Toscana’s desserts maintain the fresh and natural theme
As might be expected, the dessert menu in Toscana is fairly extensive and runs the gamut of dishes you would expect to find in any top quality Italian restaurant. There are nine or 10 flavours of ice cream, all made from goat’s milk, alongside sorbets, profiteroles, tiramisu, mousses, puddings, sponges and the like, making up a long list of dishes.
It will be no surprise that all the desserts are made in-house from products sourced primarily from the Toscana-Moom Talay natural animal farm which they run out at Huay Yai.
Although the dessert menu runs deep, desserts are not considered as a key feature in the Toscana culinary landscape. As mine host Luca says, “I don’t mind if people want to just come to Toscana and have a cake and a coffee and maybe watch the sunset, that’s fine.” Luca hangs his hat on the breadth and quality of his starters and main menu dishes, but also understands that there will be some customers who just like the idea of having something light, say between lunch and dinner, and can relax and enjoy the passing parade on Beach Road.
The restaurant has its own pasteurizing machine and there is no pre-mixed powder or preservatives used in their desserts. This is in keeping with the general theme of Toscana and Moom Talay of producing food across the menu spectrum which is as natural and fresh as possible.
After 27 years of “making ice creams and desserts I can tell you the most popular are tiramisu and profiteroles,” says Luca. He understands that part of the reason for the popularity of both these dishes is that they are usually familiar to diners, while desserts with more exotic-sounding names such as Panna Cotta, Cream Catalana, Fragola and Amarena are not so well-known.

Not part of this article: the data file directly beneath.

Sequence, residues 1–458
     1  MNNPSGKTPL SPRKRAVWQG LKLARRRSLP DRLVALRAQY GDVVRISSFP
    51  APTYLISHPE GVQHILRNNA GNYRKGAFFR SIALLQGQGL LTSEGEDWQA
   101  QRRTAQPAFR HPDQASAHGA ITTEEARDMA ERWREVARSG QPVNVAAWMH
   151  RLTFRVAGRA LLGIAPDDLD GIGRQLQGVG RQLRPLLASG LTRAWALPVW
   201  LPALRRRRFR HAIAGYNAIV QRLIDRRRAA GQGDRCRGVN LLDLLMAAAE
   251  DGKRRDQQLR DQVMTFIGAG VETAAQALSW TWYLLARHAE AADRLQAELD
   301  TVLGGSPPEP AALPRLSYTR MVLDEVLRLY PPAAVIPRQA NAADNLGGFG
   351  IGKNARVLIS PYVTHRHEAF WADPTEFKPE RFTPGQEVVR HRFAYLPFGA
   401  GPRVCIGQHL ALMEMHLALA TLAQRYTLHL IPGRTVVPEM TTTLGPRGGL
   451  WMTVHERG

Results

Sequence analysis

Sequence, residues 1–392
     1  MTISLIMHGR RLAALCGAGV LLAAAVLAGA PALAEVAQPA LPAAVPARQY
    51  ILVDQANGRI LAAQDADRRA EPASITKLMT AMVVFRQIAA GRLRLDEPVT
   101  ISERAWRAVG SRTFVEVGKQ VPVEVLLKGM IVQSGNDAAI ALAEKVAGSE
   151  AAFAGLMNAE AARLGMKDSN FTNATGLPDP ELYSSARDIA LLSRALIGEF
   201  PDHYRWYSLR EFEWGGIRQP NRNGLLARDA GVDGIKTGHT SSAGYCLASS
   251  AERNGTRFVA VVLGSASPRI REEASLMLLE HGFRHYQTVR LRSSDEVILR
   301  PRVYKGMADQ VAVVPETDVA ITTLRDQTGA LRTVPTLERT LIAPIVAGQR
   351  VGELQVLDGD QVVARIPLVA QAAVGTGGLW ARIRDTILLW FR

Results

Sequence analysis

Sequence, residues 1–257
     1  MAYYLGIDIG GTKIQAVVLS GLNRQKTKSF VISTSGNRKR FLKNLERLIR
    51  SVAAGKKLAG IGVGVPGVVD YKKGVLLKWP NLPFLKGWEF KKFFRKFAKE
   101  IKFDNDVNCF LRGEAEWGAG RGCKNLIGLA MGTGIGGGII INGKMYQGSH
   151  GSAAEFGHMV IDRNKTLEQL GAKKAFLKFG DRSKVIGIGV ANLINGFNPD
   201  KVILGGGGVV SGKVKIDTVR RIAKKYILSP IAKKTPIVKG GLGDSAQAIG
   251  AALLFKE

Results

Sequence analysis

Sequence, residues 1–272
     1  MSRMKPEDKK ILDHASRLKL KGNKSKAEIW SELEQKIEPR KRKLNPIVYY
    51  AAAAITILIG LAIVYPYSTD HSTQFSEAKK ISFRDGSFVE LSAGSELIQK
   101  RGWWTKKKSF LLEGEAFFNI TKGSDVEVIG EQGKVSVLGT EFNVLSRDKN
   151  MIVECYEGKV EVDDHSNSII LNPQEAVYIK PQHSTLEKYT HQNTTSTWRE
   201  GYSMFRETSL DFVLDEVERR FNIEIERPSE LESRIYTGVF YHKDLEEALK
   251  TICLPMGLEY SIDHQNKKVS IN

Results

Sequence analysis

The latter pair (Fragola and Amarena) are part of a selection of desserts classified as Semifreddi. These dishes are a meringue-based cold dish which consist simply of sugar, milk and cream, with the flavour (chocolate, strawberry etc) blended into the cream. Simple yet tasty and filling.
As an accompaniment to a dessert dish, Toscana also has around 35 different varieties of grappa with an alcohol content of anywhere from 38 to 43 percent. They are blended as smooth as possible so the alcohol doesn’t burn your throat.
The restaurant serves liqueurs, including Irish Coffee (made, of course, with Jameson Irish Whiskey).
In keeping with the aim of running a restaurant which is as friendly and relaxed as possible, Luca says, “Some customers, when they’ve finished their main meal, might like to go outside and have a cigarette or a cigar. We have no problem with that and they are welcome to have their coffee or dessert served outside where they can sit down and enjoy the evening.”